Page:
AMENDED SECOND INFORMATIONAL ORDER - NOTICE AND WARNING OF
REQUIREMENTS FOR OPPOSING DEFENDANT'S MOTION TO DISMISS
Docs. 47, 56
On January 14, 2008, Plaintiff Mark Jones ("Plaintiff"), a state prisoner proceeding pro se and in forma pauperis, filed this civil rights action jointly with his wife, Christine Jones, pursuant to 42 U.S.C. § 1983. Doc. 1. On January 31, 2011, the Court severed the case and ordered Plaintiff's wife, Christine Jones, to file a separate action. Doc. 38.*fn1 In Plaintiff's fifth amended complaint, Plaintiff states that Defendant Couch searched and detained his wife and threatened her that Plaintiff would be sent back to the Security Housing Unit if she told Plaintiff about the harassment and he filed an inmate grievance. Pl. 5th Am. Compl. at 9, Doc. 39. On May 13, 2011, the Court adopted findings and recommendations and ordered the case to proceed on a cognizable First Amendment retaliation claim against Defendant Couch. Doc. 44. On June 6, 2011, the Court issued a second informational order, advising Plaintiff that Defendant may file an unenumerated 12(b) motion to dismiss for failure to exhaust administrative remedies and how Plaintiff must oppose the motion in order to avoid dismissal, pursuant to Wyatt v. Terhune, 315 F.3d 1108, 1119 (9th. Cir. 2003) (citing Ritza v. Int'l Longshoremen's & Warehousemen's Union, 837 F.2d 365, 368 (9th Cir. 1998) (per curiam)). Doc. 47. On December 16, 2011, Defendant filed a motion to dismiss for failure to exhaust administrative remedies. Doc. 56. On January 10, 2012, Plaintiff filed an opposition to Defendant's motion to dismiss. Doc. 58. On January 18, 2012, Defendant filed a reply to Plaintiff's opposition. Doc. 59. On July 12, 2012, the Court issued Findings and Recommendations, recommending granting the Defendant's motion to dismiss, for failure to exhaust administrative remedies. Doc. 69.
II. Woods v. Carey and Contemporaneous Notice
On July 6, 2012, the Ninth Circuit found that the notice and warning of requirements for opposing a defendant's motion to dismiss should be issued contemporaneously when a defendant files a motion to dismiss, as opposed to a year or more in advance. Woods v. Carey, 2012 WL 2626912, at * 4 (9th Cir. Jul. 6, 2012). On June 6, 2011, this Court issued a second informational order, containing the notice and warning of requirements for opposing a defendant's motion to dismiss to Plaintiff. Doc. 47. On December 16, 2011, Defendant filed a motion to dismiss. Doc. 56. In order to address the time delay between providing notice and the filing of defendant's motion, the Court will issue this amended second informational order to Plaintiff, in accordance with Woods.
III. Notice and Warning of Requirements for Opposing a Motion to Dismiss, for Failure to Exhaust Administrative Remedies, Pursuant to Woods and Wyatt
Pursuant to Woods and Wyatt, 315 F.3d at 1108, the Court hereby notifies Plaintiff of the following rights and requirements for opposing a motion to dismiss for failure to exhaust administrative remedies:
1. Unless otherwise ordered, all motions to dismiss shall be briefed pursuant to Local Rule 230(l).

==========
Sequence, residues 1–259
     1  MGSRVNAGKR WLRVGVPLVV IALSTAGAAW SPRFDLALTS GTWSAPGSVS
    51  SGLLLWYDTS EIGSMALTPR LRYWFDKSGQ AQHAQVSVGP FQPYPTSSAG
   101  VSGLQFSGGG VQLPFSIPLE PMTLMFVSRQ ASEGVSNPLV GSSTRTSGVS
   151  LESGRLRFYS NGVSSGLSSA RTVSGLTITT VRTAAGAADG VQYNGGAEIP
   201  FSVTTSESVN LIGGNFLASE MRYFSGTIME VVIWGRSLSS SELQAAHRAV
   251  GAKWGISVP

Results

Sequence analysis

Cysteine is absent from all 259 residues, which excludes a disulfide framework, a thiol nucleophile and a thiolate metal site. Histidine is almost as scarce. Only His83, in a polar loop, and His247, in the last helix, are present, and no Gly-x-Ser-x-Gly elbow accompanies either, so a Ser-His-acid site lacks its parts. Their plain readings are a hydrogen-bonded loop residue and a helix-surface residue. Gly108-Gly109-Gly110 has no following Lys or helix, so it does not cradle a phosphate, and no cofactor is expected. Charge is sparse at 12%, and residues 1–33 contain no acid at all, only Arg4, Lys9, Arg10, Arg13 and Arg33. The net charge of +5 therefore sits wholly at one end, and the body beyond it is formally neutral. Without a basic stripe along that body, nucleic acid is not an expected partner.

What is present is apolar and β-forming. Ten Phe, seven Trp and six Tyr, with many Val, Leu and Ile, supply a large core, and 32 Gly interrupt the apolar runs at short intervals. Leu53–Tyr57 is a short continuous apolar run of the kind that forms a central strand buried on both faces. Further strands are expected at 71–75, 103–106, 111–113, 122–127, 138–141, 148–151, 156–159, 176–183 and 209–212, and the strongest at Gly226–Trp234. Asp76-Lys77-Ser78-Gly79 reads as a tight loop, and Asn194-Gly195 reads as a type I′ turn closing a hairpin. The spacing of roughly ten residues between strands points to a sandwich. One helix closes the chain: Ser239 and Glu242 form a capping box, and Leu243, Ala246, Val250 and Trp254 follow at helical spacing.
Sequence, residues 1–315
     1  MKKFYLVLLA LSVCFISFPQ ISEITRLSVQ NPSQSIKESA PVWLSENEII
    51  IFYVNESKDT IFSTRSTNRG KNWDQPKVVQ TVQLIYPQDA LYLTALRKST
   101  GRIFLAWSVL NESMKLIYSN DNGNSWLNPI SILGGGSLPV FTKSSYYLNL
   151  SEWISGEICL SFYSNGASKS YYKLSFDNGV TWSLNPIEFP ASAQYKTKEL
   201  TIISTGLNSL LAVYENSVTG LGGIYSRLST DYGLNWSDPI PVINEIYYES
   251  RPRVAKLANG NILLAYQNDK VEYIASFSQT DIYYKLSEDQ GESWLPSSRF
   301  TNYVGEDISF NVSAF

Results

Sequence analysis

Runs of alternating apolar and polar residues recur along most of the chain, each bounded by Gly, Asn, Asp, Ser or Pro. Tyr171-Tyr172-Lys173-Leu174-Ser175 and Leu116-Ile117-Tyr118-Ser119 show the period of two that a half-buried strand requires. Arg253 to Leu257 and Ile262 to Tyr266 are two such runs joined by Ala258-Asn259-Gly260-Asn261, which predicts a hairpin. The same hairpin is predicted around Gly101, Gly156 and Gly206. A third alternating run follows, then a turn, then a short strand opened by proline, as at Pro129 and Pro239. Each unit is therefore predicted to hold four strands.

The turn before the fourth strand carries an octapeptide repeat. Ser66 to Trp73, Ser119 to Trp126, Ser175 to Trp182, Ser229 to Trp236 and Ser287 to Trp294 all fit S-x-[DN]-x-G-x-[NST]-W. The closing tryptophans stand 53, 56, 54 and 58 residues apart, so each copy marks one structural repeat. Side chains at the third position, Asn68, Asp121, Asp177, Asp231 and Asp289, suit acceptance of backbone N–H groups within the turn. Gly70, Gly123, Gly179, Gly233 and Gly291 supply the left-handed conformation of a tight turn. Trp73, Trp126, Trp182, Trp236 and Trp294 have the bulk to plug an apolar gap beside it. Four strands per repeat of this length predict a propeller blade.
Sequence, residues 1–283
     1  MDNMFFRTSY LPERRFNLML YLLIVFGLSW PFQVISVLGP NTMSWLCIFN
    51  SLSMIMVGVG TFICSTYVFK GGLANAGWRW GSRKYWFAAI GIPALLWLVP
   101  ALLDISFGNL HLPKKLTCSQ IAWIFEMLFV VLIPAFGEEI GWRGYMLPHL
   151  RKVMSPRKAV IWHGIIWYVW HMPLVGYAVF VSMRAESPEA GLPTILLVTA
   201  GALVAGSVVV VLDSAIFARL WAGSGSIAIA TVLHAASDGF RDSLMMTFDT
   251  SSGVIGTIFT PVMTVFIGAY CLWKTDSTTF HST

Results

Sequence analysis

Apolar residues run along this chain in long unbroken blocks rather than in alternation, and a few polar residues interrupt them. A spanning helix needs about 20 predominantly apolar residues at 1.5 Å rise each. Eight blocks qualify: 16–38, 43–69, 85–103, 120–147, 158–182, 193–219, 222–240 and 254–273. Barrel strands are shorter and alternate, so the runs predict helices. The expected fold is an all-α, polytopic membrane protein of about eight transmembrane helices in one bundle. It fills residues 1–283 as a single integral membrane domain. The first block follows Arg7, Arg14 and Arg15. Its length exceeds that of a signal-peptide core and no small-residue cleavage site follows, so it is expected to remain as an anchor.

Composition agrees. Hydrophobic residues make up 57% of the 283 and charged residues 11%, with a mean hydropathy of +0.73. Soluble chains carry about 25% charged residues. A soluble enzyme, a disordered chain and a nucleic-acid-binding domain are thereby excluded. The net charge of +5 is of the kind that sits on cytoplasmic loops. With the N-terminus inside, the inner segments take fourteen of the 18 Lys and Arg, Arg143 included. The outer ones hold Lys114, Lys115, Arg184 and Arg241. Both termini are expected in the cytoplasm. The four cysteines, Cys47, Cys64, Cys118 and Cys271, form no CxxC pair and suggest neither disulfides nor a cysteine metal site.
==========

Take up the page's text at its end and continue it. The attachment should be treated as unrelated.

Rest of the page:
2. Plaintiff is required to file an opposition or a statement of non-opposition to Defendants' motion to dismiss. Local Rule 230(l). If Plaintiff fails to file an opposition or a statement of non-opposition to the motion, this action may be dismissed, with prejudice, for failure to prosecute. The opposition or statement of non-opposition must be filed not more than 21 days after the date of service of the motion. Id.
3. Defendants have filed a motion to dismiss for failure to exhaust the administrative remedies as to one or more claims in the complaint. The failure to exhaust the administrative remedies is subject to an unenumerated Rule 12(b) motion to dismiss. Wyatt, 315 F.3d at 1119 (citing Ritza v. Int'l Longshoremen's & Warehousemen's Union, 837 F.2d 365, 368 (9th Cir. 1988) (per curiam)). In deciding a motion to dismiss for failure to exhaust, the Court will look beyond the pleadings and decide disputed issues of fact. Wyatt, 315 F.3d at 1119-20 (quoting Ritza, 837 F.2d at 368). If the Court concludes that Plaintiff has not exhausted the administrative remedies, the unexhausted claims must be dismissed and the Court will grant the motion to dismiss. Wyatt, 315 F.3d at 1120. If all of the claims are unexhausted, the case will be dismissed, which means Plaintiff's case is over. If some of the claims are exhausted and some are unexhausted, the unexhausted claims will be dismissed and the case will proceed forward only on the exhausted claims. Jones v. Bock, 549 U.S. 199, 219-224 (2007). A dismissal for failure to exhaust is without prejudice. Wyatt, 315 F.3d at 1120.
If responding to Defendants' unenumerated 12(b) motion to dismiss for failure to exhaust the administrative remedies, Plaintiff may not simply rely on allegations in the complaint. Instead, Plaintiff must oppose the motion by setting forth specific facts in declaration(s) and/or by submitting other evidence regarding the exhaustion of administrative remedies. See Fed. R. Civ. P. 43(c); Ritza, 837 F.2d at 369. If Plaintiff does not submit his own evidence in opposition, the Court may conclude that Plaintiff has not exhausted the administrative remedies and the case will be dismissed in whole or in part.
4. Unsigned declarations will be stricken, and declarations not signed under penalty of perjury have no evidentiary value.
5. The failure of any party to comply with this order, the Federal Rules of Civil Procedure, or the Local Rules of the Eastern District of California may result in the imposition of sanctions including but not limited to dismissal of the action or entry of default.